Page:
In a recent speech to the General Assembly of the Organization of American States, held in San Salvador, Minister of State Diane Ablonczy outlined a concrete and constructive proposal for reinforcing the Inter-American Democratic Charter. The key passages follow:
As we all know, peace and security are ultimately founded on respect for democratic principles and human rights. We have collectively enshrined these principles in the Inter-American Democratic Charter, a landmark achievement that will celebrate its 10th anniversary later this year.
The Inter-American Democratic Charter remains a fundamental point of reference that guides our collective efforts in strengthening democratic governance in the hemisphere. Canada is pleased that this year’s resolution on supporting the promotion of democracy in the hemisphere calls for dialogue to continue strengthening the implementation of the tenets of this key document, recognizing the important contributions that civil society organizations can make to this process.
While there is wide acceptance among our member states on the need for democracy as an expression of political will, Canada would like to see a focus in discussions going forward on the practice of democracy. By “practice of democracy,” I am referring to the day-to-day functions of our governments as well as the way in which our institutions interact with citizens.
For Canada, this includes elements such as the balance of power between public institutions, freedom of expression, a vibrant civil society, respect for minority rights and minority views, the existence of a free media and respect for a loyal political opposition.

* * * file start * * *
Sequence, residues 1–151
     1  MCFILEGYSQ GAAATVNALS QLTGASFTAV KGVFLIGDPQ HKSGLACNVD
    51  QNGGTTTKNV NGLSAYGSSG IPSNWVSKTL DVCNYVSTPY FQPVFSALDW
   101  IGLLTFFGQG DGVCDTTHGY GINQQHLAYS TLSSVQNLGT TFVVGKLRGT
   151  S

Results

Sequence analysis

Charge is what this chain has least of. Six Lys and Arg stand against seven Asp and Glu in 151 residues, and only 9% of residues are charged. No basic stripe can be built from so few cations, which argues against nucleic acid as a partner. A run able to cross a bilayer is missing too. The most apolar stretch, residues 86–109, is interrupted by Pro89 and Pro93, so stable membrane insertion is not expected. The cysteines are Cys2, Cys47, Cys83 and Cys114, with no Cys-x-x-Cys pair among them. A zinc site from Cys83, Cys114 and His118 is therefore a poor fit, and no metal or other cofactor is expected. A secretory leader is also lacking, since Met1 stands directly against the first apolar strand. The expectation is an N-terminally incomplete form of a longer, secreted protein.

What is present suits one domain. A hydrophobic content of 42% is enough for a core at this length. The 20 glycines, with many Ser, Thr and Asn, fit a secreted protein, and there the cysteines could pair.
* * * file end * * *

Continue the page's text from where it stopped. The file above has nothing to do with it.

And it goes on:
You will understand that as a parliamentarian, I am very sensitive to the role of elected officials and of civil society in a healthy and vibrant democracy.
Canada believes that an open debate on the practice of democracy would be healthy for democracy in the Americas. As a starting point, we should share our experiences in the practice of democracy. Canada suggests that member states consider the creation of a compendium of good practices where we could review and exchange information on what each member considers its national contributions to democratic practices.
We believe that all countries in the hemisphere, including Canada, stand to benefit from a formal exchange and dialogue on best practices related to democratic governance. It is our hope that such a process would also lead toward strengthening the implementation of the Democratic Charter.
Despite advances in democracy over the past couple of decades, political crises still threaten stability in the region. The coup d’état in Honduras two years ago was not only a major step backward for Honduras, it also threatened the democratic gains we have collectively made in the region.
However, Honduras is well on the path to recovery, with a democratically elected government and a truth and reconciliation commission that has played a critical role in the process of national reconciliation. Despite the fact that President [Porfirio] Lobo has faced tremendous challenges as a result of the 2009 crisis, he has responded constructively to the concerns of both domestic and international actors.
Canada was therefore very pleased to welcome Honduras back to the OAS at the Special General Assembly held last week in Washington, D.C. The reintegration of Honduras into the OAS allows us to benefit from the important contribution that Honduras has to make to this organization and to focus on the other significant hemispheric challenges that warrant our full attention.